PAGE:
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lotus root - where to buy, how to use?

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There's probably an easy answer to this, but I've never seen lotus root in the store - where can I buy this? I'm not even sure what it looks like, except for sliced up. Once I find and buy it, what do I do with it? I want to use in stir frys and things like that....

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  1. My local oriental market has it whole and fresh, frozen in slices and canned.

    1. A lot of the midsize or larger Asian markets with fresh vegetable sections have it, in SF chinatown and in the burbs (Ranch 99).

      I make a salad with it. I've seen it in stir fry veggie dishes as well.

      You can do a google for lotus root recipes.

      2 Replies
      1. re: Anne in SF

        Here is a picture of it whole, in case the signs aren't in English and you don't know what it looks like not sliced up...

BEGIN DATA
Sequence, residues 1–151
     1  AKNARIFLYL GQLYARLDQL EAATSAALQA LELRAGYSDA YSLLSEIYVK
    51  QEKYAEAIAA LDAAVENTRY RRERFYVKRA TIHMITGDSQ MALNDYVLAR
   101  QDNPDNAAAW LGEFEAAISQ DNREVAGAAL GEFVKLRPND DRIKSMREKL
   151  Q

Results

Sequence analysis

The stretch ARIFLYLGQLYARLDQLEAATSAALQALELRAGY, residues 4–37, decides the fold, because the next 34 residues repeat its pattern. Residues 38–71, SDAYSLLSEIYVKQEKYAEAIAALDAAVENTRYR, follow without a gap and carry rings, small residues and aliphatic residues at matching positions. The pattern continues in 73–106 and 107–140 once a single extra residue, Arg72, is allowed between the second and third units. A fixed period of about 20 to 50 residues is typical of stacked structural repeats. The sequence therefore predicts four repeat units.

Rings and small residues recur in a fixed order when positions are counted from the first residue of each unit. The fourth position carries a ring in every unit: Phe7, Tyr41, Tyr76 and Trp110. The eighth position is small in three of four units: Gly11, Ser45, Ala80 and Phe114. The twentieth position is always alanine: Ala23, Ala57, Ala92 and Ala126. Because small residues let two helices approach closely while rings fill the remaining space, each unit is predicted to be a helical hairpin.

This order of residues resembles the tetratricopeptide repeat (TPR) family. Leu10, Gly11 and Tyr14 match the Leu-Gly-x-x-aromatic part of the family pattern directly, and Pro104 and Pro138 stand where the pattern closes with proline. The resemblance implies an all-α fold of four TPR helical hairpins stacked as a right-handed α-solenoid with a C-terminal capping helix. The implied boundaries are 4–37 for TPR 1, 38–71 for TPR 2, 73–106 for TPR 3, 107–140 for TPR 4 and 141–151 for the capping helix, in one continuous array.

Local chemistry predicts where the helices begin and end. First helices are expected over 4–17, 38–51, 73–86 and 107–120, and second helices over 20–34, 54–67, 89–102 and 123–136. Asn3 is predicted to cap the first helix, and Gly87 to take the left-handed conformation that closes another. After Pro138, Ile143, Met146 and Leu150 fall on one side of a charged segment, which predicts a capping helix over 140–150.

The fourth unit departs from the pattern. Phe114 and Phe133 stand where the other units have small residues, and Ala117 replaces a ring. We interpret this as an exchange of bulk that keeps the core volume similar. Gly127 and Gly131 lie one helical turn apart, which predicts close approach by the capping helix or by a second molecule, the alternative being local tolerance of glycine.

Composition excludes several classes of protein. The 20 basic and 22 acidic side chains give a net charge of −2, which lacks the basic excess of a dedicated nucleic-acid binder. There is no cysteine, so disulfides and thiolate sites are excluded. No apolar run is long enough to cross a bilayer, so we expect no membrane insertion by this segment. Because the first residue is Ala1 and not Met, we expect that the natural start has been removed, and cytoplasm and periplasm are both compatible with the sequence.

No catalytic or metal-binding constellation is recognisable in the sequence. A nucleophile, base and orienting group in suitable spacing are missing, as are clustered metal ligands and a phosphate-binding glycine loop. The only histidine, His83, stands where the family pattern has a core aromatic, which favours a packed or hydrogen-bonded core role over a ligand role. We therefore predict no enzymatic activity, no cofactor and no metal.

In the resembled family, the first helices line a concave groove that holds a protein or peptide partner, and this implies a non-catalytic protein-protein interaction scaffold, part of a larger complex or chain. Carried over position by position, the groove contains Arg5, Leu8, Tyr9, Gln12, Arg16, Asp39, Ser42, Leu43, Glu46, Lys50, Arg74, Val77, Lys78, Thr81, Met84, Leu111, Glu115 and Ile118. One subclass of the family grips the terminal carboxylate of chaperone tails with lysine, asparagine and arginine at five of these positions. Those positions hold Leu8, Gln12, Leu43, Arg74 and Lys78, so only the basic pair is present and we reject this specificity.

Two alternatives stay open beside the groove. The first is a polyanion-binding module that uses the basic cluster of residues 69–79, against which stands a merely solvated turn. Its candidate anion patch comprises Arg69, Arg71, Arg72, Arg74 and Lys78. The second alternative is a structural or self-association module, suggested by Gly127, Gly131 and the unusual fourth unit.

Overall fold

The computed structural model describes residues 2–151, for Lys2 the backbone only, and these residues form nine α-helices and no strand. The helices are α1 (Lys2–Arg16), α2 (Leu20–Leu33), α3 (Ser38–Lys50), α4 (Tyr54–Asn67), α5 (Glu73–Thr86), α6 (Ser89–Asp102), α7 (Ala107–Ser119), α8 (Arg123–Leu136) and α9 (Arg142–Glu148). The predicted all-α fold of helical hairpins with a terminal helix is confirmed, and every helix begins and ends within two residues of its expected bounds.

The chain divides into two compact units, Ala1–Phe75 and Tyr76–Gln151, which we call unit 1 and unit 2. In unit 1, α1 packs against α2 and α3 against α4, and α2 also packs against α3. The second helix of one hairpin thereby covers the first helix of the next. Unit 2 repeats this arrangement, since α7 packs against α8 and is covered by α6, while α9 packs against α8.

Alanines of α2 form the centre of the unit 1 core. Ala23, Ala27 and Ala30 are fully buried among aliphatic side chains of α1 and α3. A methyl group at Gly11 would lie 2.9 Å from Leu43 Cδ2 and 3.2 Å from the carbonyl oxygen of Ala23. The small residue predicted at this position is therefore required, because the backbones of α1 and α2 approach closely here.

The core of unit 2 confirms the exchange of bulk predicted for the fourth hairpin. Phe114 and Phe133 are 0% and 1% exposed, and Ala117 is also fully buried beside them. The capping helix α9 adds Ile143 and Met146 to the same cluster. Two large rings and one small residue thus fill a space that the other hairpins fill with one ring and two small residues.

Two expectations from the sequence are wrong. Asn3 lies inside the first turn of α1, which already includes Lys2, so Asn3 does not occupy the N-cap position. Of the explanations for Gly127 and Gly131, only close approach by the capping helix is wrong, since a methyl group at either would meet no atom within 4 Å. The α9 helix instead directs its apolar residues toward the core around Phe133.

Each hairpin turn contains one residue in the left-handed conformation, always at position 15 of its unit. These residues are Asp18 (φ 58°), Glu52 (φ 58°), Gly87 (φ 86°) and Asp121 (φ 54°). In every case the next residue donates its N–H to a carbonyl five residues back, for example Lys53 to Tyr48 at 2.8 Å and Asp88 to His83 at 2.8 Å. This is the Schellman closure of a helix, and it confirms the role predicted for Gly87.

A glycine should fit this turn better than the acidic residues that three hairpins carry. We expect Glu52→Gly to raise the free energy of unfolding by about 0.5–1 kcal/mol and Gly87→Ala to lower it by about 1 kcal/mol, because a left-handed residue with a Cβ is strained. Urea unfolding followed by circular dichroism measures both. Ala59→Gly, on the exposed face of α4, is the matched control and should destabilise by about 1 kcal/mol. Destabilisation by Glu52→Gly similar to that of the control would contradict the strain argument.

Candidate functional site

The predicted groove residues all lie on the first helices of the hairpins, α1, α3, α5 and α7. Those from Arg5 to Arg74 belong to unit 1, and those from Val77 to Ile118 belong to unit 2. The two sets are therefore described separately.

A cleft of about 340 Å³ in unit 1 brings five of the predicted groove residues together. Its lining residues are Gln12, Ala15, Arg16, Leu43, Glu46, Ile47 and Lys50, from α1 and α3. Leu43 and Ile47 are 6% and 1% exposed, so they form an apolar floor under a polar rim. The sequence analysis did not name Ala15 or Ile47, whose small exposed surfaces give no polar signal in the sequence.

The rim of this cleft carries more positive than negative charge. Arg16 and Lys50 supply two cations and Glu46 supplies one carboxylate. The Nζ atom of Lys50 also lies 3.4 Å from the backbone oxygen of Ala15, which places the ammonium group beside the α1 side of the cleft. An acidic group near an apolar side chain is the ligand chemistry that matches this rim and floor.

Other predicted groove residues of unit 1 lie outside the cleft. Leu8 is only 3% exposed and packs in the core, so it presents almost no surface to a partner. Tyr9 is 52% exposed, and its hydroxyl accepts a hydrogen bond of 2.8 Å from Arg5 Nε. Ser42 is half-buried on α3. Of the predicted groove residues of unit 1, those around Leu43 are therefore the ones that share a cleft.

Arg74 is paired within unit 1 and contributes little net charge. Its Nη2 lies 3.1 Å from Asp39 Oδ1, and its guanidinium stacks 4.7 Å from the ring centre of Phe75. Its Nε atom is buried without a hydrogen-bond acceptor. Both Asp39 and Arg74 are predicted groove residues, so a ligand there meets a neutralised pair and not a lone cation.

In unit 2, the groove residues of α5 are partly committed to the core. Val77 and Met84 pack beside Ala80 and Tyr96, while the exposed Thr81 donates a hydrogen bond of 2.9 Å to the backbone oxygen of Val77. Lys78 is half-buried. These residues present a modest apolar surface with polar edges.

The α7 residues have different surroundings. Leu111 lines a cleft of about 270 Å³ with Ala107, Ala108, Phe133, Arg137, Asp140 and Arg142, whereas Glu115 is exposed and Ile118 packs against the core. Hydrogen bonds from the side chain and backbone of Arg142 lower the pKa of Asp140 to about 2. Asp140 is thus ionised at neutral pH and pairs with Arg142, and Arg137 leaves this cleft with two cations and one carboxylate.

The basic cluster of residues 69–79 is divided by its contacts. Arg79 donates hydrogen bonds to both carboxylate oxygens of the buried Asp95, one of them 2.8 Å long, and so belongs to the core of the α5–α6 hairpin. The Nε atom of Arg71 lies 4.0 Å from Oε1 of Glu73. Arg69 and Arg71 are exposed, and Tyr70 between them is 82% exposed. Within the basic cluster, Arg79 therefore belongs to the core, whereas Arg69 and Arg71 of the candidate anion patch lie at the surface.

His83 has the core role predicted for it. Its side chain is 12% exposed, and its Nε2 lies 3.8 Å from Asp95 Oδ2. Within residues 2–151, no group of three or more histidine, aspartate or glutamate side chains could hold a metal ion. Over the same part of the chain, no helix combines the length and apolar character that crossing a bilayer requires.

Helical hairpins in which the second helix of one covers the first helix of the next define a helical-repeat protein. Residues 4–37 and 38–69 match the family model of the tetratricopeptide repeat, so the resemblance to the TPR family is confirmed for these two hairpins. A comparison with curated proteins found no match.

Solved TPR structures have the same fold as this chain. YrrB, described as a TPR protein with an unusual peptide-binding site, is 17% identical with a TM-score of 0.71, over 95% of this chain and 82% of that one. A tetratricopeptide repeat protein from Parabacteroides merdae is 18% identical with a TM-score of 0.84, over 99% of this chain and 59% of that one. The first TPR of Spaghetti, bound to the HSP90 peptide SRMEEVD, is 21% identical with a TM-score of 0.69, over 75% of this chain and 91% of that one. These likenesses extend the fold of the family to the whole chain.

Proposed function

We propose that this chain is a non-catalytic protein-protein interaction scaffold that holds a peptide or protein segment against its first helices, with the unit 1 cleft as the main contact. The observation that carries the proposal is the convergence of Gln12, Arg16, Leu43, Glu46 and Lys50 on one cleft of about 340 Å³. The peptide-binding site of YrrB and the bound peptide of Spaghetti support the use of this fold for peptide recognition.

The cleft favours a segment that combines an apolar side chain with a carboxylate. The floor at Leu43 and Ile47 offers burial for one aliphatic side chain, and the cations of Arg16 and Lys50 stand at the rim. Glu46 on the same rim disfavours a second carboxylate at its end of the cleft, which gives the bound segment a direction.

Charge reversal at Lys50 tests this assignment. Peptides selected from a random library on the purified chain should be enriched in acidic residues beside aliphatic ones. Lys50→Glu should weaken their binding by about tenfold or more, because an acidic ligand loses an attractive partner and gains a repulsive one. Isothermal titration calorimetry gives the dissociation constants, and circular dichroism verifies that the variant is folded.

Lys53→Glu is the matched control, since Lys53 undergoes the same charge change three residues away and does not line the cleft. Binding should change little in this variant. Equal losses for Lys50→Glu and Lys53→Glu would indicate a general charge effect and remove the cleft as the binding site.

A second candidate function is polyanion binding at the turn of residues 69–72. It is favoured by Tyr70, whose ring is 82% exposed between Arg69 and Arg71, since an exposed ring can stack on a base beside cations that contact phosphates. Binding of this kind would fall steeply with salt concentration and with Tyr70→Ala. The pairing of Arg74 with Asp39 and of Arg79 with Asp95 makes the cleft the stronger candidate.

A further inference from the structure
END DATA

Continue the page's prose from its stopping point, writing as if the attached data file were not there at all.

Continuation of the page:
http://cgsd.com/rlatham/OaklandChinat...

        Link: http://cgsd.com/rlatham/OaklandChinat...

        1. re: Anne in SF

          I've also seen it in asian markets in the frozen food section, already sliced (I think they blanch it too) which makes it easier to keep on hand for an extented period of time or for a quick weeknight veggie side dish. I like to sautee them with a little minced garlic or with some brown bean sauce and green onions like my mom makes.

      2. Easiest preparation I know:

        Make a pork stock using shoulder/neck bones, or chunks of short ribs if you like a lot of meat in your soup. A few slices of giner or a sprig of green onion is optional.

        After the stock is ready, put in slices (wheel shapes) of the lotus root. There's no need to peel them: just scrub well and cut off any really tough/black/unappetizing parts. Thickness is up to personal preference, but I would do between 1/4 and 3/4 inch.

        Simmer until you're able to poke a fork through the center of a wheel easily. It should roughly be the texture you'd like a potato in a stew to be. Certainly not as soft as a potato for mashing. Salt/pepper to taste. The lotus root will be firm but almost potato-like after you chew it. It has a nice subtle flavor, and even kids usually like lotus root prepared this way.

        Stir fried can be good too, but leaves more room for error. Sometimes the root comes out undercooked, which can be too crunchy and raw tasting for some.